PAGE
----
Stephen Moore, Trump's pick for the Fed, just got a key immigration program dead wrong
The truth is that the H-1B program is a cynical sham. It’s been co-opted by outsourcing firms that use the visas to import workers, mostly from India, to replace Americans in middle-level information technology jobs. Those firms corral about half of all H-1B visas every year. The workers they bring in often live here barracks-style and are at the beck and call of supervisors who can revoke their residency at will. The workers are valued by the outsourcing firms’ clients because they’re cheap.
Big American employers whine that U.S. universities simply can’t turn out enough graduates in STEM fields (science, technology, engineering and math) to fill their needs. But that’s almost certainly a lie — big tech companies have laid off trained engineers by the carload, replacing them with foreign workers they can hire for less.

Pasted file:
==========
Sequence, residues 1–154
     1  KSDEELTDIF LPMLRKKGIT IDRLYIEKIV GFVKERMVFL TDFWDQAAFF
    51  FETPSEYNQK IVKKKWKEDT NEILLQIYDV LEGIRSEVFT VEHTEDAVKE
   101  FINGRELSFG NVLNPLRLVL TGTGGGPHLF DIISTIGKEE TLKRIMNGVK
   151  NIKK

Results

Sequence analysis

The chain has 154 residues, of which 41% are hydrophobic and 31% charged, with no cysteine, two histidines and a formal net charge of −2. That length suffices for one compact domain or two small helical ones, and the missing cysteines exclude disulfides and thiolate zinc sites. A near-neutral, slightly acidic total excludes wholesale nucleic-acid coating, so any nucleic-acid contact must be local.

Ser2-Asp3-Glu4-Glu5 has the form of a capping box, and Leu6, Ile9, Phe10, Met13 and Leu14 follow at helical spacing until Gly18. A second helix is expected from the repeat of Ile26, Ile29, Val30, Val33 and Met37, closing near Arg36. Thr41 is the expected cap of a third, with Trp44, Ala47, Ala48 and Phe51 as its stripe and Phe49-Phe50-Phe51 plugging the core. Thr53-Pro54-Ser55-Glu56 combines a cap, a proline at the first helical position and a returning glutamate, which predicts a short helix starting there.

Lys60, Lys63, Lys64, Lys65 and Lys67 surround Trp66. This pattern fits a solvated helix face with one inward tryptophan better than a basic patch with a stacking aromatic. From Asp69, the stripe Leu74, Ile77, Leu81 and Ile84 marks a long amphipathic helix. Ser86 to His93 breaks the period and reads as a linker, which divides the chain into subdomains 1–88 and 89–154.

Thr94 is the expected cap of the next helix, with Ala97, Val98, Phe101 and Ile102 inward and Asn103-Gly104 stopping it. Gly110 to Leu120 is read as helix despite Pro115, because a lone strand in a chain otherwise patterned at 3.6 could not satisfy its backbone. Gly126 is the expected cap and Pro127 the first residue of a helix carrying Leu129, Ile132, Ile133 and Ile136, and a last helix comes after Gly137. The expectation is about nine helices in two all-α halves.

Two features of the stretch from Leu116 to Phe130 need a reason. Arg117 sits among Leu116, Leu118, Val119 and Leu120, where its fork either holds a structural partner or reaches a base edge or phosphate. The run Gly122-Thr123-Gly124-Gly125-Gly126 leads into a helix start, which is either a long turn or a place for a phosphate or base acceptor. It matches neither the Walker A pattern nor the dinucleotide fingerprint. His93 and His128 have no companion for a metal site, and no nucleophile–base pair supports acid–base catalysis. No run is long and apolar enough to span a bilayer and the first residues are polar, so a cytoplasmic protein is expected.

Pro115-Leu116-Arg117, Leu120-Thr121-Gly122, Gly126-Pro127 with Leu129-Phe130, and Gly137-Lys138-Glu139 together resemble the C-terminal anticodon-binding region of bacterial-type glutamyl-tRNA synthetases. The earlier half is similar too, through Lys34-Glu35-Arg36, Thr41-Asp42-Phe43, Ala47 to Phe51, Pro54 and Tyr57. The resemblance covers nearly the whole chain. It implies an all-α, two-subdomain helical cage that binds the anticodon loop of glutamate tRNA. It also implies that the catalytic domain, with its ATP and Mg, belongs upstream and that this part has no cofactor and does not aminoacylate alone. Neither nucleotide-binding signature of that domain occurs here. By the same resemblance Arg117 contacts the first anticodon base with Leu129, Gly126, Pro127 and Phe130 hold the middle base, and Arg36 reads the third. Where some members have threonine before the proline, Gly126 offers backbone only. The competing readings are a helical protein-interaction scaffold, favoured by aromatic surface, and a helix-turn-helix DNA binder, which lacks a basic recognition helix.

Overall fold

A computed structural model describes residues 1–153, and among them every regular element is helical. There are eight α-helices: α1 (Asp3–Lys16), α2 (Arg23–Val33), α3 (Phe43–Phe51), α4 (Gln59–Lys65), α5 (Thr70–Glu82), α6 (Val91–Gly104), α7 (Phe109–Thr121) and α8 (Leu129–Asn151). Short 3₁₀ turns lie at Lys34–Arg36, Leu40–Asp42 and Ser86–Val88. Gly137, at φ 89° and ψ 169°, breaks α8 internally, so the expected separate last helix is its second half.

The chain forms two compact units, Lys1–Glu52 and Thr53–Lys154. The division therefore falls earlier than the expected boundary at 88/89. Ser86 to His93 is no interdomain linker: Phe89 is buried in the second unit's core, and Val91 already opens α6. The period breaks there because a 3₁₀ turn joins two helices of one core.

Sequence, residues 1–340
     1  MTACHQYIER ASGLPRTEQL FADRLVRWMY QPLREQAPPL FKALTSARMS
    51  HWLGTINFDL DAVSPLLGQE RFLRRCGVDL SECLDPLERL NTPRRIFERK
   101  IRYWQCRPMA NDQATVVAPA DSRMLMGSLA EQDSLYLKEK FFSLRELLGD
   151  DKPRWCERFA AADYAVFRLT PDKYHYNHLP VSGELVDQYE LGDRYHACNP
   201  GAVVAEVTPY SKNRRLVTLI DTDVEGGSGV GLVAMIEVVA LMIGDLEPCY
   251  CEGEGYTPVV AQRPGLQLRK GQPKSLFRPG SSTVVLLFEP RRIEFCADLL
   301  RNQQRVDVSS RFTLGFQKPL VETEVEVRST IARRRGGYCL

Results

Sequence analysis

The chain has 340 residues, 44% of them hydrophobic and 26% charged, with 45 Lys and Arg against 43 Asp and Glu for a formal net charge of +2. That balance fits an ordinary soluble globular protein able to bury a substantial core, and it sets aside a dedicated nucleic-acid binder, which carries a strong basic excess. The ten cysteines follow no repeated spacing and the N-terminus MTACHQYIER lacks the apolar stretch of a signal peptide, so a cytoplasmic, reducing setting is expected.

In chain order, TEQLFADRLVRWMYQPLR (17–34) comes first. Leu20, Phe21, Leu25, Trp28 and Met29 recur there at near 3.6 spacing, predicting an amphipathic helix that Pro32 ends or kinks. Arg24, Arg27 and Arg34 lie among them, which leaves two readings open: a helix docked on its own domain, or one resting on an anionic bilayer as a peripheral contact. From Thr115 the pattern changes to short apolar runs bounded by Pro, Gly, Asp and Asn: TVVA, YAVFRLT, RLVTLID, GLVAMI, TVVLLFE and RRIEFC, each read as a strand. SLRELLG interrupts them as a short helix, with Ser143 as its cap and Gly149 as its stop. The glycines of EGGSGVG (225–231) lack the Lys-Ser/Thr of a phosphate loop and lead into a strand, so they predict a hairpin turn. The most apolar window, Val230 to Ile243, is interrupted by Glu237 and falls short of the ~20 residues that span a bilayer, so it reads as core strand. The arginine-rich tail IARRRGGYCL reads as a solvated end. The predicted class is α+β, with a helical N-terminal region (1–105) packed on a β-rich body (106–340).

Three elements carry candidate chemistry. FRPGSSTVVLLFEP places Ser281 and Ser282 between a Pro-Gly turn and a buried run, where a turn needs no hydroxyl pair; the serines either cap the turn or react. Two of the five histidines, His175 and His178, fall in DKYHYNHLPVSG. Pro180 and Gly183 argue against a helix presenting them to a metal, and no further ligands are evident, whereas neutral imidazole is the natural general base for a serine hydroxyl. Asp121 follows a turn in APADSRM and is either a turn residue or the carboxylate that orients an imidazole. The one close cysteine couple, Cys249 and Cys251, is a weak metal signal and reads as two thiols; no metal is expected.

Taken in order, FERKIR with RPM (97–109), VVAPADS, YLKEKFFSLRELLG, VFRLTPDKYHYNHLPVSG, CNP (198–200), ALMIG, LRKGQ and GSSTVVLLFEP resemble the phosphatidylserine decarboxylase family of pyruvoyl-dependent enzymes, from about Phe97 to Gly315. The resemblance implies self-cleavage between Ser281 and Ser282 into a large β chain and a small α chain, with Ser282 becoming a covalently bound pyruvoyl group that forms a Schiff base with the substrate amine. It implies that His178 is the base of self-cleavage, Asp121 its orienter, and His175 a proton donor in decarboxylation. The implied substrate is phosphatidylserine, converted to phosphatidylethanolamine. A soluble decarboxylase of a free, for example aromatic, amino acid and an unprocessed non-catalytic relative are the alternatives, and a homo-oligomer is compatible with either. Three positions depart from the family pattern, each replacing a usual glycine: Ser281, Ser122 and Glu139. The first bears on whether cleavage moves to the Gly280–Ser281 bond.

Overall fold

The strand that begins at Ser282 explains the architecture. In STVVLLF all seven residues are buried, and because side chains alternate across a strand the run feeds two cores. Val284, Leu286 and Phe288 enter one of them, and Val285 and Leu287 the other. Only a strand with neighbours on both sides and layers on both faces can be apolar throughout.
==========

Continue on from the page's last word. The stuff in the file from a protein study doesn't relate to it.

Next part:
Moreover, as Hira observes, there are huge loopholes for the outsourcing firms. They’re exempt from the good-faith recruiting rule if the H-1B workers are to be paid more than $60,000 or they hold a master’s degree — from any university in the world. “All of these firms exempt themselves from the requirement by meeting one of the two conditions,” Hira told me by email. The truth is that most of the outsourcing firms’ workers don’t hold more than a bachelor’s degree, much less an advanced degree.